It is better to stick with either wc or use wndClass for the variable name as it's not actually a window. The window handle (here hwnd) is what identifies each instance of a given class of window.

When you define a new window class, you have to register it before use so the system know how to create it, in particular, the address of the function which handle its message (the window proceedure, often WndProc). You do this by filling in the structure and then passing it to RegisterClassEx. When this returns (successfully), you can go on the create windows of this class.

HWND hwnd;

This is the handle which identifies the window instance. You can have more than one instance of a window, assuming you have coded your WndProc correctly e.g. avoided static data. (CreateWindowsEx won't -- itself -- prevent you from creating more than one window instance, but a badly written WndProc will prevent it from working correctly.)

Handle (computing)
http://en.wikipedia.org/wiki/Handle_%28computing%29

You create a window using CreateWindowEx.

When you call CreateWindowEx, the system allocates the resources for the window (associating it with a handle) and then calls your WndProc with WM_CREATE to allow you to initialize data for the instance. This is where you should create child windows, if you need them, rather than in the WndMain.

By handling WM_CREATE, you can control whether the window creatinon succeeds: if you return 0, the window creation is allowed to complete; if you return -1, the creation is aborted and a value of NULL returned by CreateWindowEx. (This mechanism can be used to prevent more than one instance from being created.)

MSG Msg;

MSG is struct (actually, a typedef of a struct) which stores information about a window message, including the message code (e.g. WM_CREATE, WM_PAINT), the window handle, the W and L params.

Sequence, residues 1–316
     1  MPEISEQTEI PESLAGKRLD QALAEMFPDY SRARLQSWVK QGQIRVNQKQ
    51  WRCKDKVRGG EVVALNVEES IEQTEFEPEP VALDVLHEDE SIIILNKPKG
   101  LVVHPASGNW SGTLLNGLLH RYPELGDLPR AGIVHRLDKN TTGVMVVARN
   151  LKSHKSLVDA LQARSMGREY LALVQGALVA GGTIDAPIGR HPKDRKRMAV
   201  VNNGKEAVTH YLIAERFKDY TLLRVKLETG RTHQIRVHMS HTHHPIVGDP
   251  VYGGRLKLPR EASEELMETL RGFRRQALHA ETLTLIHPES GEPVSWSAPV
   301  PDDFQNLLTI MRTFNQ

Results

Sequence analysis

The application is responsible for spinning a message loop. It reads a message from the message queue (GetMessage), translates virtual-key messages into character message (TranslateMessage) and then forwards the message onto the appropriate window (DispatchMessage). The message loop can be extended to do more processing, if and when required.

How can this set the windows stuff when it's not passed through the function?

Not sure which "stuff" or function you refer to:
- window (or wc) is passed to RegisterClassEx using the address-of operator (&)
- hwnd accepts the return from CreateWindowEx
- msg is filled in by GetMessage and then passed to TranslateMessage and then DispatchMessage, also using the address-of operator (&). DispatchMessage relays the message to the appropriate WndProc

I also don't understand the LPAram etc

WPARAM and LPARAM are typedefs of integral types. Which type depend on whether you're talking about Win32 or Win64. The names come from the olden, Win16 days when W = word (16 bit in Win16) and L = long (32 bit). But nowaways they are just known as 'W' and 'L'.

What do the letters W and L stand for in WPARAM and LPARAM?
http://blogs.msdn.com/b/oldnewthing/archive/2003/11/25/55850.aspx

What are the definitions for LPARAM and WPARAM?
http://stackoverflow.com/questions/2515261/what-are-the-definitions-for-lparam-and-wparam

Andy
Last edited on
u forgot this line in initializing WNDCLASSEX strucutere:
window.cbSize = sizeof (WNDCLASSEX)

creation fails because sizeof registered class is unkown
also, use UnregisterClass () funciton deallocate memory properly (at the end of app)
There is no need to use UnregisterClass under routine circumstances.

From UnregisterClass function
http://msdn.microsoft.com/en-us/library/windows/desktop/ms644899%28v=vs.85%29.aspx

All window classes that an application registers are unregistered when it terminates.

Andy

PS And I've just grepped the Microsoft Windows SDK samples, as a sanity check, for UnregisterClass: only 6 samples use this function (haven't investigated why...) cf. loads and loads using RegisterClassEx